There could have still been online or even multiplayer elements to it. In fact, you could still have all those class stories, but instead of selling them all as one package, you could have had different packages being sold at different times. There could have been a Light-Side KOTOR3 where you play the Republic-class stories, then a year later, there could have been the Dark-Side KOTOR3 where you play the Imperial-class stories, which — just like the existing SWTOR stories — coincide with the stories of the opposite faction. You could still have PvP, raids, many of the other things that exist in the game today.
However, then I would be missing one of my favorite MMOs of all time, so in the end, I really wouldn’t want that.
Patron Archebius: The Elder Scrolls Online. When I think about the MMOs I’ve enjoyed – Guild Wars and EVE leap to mind – I think about the world they built. EVE feels like a galaxy, largely uncivilized and empty. Guild Wars feels like a world you can be alone in – you can walk out into an instanced zone, kill a monster, and it won’t respawn until you leave the zone. You can explore corners of the map with no quests, tar pits bubbling for no one but you. As odd as it sounds, the ability to be alone makes me feel more a part of a world than any number of concurrent users. Forming up with players to tackle missions and explore wormholes and build corporations is important, but so is that sense of scale – the world is not filled with heroes. Sometimes, it’s just you.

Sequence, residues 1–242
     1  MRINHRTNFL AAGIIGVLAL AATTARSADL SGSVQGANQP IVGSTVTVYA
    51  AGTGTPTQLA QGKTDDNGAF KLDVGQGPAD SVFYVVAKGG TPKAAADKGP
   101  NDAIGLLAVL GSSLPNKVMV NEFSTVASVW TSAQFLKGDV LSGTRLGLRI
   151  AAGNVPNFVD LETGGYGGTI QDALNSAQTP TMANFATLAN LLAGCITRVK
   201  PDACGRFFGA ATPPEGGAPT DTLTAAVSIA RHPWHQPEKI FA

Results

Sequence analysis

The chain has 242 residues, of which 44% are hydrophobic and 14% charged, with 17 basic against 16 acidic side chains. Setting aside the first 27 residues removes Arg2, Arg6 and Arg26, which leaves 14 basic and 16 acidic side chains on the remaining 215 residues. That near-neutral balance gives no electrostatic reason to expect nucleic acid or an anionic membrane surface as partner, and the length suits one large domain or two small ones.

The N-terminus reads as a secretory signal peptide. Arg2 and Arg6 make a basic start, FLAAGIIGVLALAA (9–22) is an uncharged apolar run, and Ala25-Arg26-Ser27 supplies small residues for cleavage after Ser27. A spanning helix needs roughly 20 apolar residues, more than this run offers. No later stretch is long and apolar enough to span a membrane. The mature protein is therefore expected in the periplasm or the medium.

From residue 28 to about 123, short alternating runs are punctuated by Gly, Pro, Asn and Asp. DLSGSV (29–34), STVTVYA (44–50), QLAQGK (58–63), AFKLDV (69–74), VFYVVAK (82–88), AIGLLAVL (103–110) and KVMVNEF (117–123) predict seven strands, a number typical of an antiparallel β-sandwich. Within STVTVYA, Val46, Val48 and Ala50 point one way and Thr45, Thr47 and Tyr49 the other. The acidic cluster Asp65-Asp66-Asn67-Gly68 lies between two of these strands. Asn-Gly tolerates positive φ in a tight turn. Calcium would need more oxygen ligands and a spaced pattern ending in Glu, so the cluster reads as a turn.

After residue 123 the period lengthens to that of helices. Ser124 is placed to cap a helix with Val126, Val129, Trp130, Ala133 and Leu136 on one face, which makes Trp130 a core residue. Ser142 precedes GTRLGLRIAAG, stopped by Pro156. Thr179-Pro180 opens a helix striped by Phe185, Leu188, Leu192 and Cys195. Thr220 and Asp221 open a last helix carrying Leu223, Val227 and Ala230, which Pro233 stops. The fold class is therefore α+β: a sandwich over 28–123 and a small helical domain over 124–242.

Skyrim’s strength was in the width and depth of the world they created. For most of my games, I wouldn’t even use fast travel. I would just walk from town to town, frequently get sidetracked, wind up in an entirely different place, stumble across a random quest for a Daedra lord, admire the view, and then try to figure out how to get back to the town I was looking for in the first place. You could be alone; the world felt like a real place, and you were just part of it.
ESO started out being a straight-up MMO, and they’ve been walking back on that choice ever since. They introduced thieving and murder; they took off the blinders that kept you on the straight and narrow hero’s path and let you explore the world as you saw fit. They’ve slowly been moving towards what everyone was shouting about at launch – they wanted Skyrim with multiplayer, not WoW with Khajit. While ESO is absolutely improved by having people in it, streamlining it to feel like a lonelier world could make it what I’ve wanted from that universe all along: a world where the threats are many and ancient, the lands are wide and unknown, and the heroes, while few, stand ready when needed.